No its not me who is saying this, but instead it is officials from Level 3, a company that has bet big on VoIP and is hoping for wholesale VoIP to rescue it from the low-margin life of a bandwidth wholesaler. Charles Meyers, group vice president of marketing for Level 3 said that the early adopter market is saturated, and perhaps that is why the market is growing much slower than expected.
Numbers back him up – In July, Frost & Sullivan lowered their VoIP forecast from $5.4 billion market in 2008 to being a $4.1 billion market in 2010. Meyers pointed out that – less than 1% of total voice revenue comes from VoIP, and less than 3% of U.S. households have switched. “And the next 97 [percent] will be a lot harder than the first 3.”
“People view VoIP as a cheap alternative, and that’s not how we get to the early majority and the mainstream …. This industry has to substantially increase its marketing sophistication, beyond focusing myopically on price.
I could not have said it better, and time and again, I have brought this point up. I think many get swayed by the “early adopter” market place, and start believing that change will happen overnight. Most of us, who don’t study history, forget that revolutions take “years.” VoIP is precisely that. I think from a consumer perspective, VoIP or PSTN, it doesn’t matter. What matters is that their phone works. Vonage, Sun Rocket, Call Vantage and others have yet to prove that they are bullet proof.
full report @ Telephony Online
4 thoughts on “VoIP not ready for primetime?”
Interesting news, Om. I’ve only just started really testing out a VOIP solution (vbuzzer) and some hardware (a Sipura Ethernet/phone interface box) and while I found the hardware configuration really insanely complex, once it was configured, I’d have to say that this VOIP solution is splendid. In the last 72 hours I’ve tested the system with long calls from my Colorado office to Toronto, Canada, Los Angeles, California and Gold Beach, Australia, and each time the connection was clear, glitch-free and remarkably high-quality. Not ready for prime time? Quite the opposite: I’m already getting family members asking exactly how I have $0.01/min to Europe and free North American calling…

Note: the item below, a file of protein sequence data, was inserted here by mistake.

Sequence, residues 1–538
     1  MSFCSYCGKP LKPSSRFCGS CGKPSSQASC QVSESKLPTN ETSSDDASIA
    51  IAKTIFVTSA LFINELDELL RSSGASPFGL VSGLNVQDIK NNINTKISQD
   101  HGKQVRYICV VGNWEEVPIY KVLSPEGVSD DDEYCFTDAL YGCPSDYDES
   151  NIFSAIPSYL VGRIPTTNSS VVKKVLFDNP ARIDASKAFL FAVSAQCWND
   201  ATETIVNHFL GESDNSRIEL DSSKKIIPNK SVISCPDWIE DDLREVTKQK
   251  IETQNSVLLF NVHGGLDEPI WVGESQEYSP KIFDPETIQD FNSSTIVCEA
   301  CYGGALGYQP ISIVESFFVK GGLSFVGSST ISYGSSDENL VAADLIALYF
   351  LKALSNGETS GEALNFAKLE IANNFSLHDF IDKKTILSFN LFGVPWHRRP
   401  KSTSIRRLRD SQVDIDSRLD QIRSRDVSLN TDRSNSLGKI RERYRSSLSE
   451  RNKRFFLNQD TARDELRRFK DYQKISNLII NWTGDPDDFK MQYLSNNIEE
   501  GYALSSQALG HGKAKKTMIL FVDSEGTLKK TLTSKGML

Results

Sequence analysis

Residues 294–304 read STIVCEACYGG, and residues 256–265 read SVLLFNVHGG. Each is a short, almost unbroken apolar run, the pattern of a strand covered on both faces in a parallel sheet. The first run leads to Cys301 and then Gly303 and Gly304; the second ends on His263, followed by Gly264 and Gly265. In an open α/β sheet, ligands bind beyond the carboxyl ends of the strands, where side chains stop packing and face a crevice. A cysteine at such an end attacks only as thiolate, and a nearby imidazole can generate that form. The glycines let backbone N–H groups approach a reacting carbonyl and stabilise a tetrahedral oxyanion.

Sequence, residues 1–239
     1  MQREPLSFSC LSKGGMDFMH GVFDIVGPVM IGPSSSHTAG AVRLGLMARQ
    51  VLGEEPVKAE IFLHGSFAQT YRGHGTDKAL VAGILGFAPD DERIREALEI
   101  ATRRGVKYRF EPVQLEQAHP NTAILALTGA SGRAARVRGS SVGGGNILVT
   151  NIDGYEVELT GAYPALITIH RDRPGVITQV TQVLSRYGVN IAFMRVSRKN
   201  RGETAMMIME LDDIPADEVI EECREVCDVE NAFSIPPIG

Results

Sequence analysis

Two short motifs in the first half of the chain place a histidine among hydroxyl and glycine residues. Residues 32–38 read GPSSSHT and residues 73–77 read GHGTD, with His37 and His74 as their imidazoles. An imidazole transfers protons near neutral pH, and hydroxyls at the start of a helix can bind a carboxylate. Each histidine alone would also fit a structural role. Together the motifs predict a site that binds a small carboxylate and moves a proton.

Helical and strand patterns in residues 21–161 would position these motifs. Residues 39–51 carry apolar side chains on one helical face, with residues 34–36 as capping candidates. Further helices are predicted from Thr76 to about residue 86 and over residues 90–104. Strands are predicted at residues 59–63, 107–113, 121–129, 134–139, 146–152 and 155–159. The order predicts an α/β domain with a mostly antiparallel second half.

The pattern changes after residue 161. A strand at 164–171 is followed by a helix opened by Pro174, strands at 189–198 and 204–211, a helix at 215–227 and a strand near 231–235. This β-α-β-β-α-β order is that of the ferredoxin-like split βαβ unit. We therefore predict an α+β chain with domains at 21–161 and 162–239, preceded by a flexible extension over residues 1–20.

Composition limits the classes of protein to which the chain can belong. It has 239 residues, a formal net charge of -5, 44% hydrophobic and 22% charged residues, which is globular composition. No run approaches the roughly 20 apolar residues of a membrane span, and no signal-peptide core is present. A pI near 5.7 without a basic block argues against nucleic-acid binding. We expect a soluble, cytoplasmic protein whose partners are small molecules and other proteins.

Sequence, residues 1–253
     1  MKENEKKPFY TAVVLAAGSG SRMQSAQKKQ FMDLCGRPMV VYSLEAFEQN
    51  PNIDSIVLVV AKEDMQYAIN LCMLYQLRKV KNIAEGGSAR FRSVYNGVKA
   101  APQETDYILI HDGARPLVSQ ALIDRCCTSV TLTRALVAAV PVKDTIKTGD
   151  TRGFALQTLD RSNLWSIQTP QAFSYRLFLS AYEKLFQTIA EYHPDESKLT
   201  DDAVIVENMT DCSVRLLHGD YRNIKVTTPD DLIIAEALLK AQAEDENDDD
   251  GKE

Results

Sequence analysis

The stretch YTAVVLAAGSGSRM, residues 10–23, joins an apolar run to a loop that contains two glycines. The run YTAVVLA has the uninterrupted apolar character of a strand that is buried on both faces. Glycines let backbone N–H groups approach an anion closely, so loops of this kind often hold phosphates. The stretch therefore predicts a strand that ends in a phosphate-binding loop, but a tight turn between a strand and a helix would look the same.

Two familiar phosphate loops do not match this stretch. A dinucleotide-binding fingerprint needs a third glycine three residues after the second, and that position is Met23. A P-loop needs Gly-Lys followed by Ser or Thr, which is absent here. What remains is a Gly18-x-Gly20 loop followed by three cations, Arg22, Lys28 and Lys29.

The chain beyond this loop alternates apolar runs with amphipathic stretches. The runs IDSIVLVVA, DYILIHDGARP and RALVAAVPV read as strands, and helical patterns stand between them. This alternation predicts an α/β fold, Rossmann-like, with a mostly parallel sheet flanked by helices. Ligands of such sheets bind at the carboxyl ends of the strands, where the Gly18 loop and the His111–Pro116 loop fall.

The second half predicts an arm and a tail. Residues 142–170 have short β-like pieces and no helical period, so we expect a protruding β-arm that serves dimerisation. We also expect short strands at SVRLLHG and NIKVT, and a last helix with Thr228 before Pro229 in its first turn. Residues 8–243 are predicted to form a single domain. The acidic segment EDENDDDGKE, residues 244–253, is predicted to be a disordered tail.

I believe that the challenge that Vonage and similar companies have is in making a true plug-and-play solution and then seeding their package – and it must include a traditional phone, or at least a standard phone jack on a hardware device – to the opinion makers in key demographic segments.
I’ve been blogging some of my experiences too, if people are interested in more specifics of my configuration: http://www.intuitive.com/blog/
Obviously you haven’t tried Vonage. They ship equipment that is already configured and setup is a breeze- about 10 minutes.
I’ve used VoicePulse successfully for 5 months now. Remarkably good service. I took the adapter out of the box, plugged it in, and it worked. Very few problems, and the customer service people really follow up. Only $14.99 per month – all taxes included! I’ve used it for faxes, etc. I’ve disconnected the regular phone company and transferred my old number over. I’m extremely pleased!
The point is not ease of use, it’s reliability. I used Vonage for nearly a year and had mostly reliable service.
Unfortunately, mostly reliable isn’t good enough in the voice business where the ILECs, for all of their faults, provide a nearly bulletproof solution. Vonage et. al. not only have their own outages to worry about, but also any glitches in the broadband connections that they rely upon to get into your home.
When your spouse is unable to call her family exactly when she wants to on several occasions, the argument that “it usually works” will eventually lose. Despite the added cost, I was forced to drop the VoIP and go back to standard wireline for most calls. (http://www.wilkinsons.com/Bananna/2005/09/goodbye-vonage.html)
Although I do still like to use Skype when traveling. (http://www.wilkinsons.com/Bananna/2005/07/vonage-vs-skype-in-blogoshpere.html)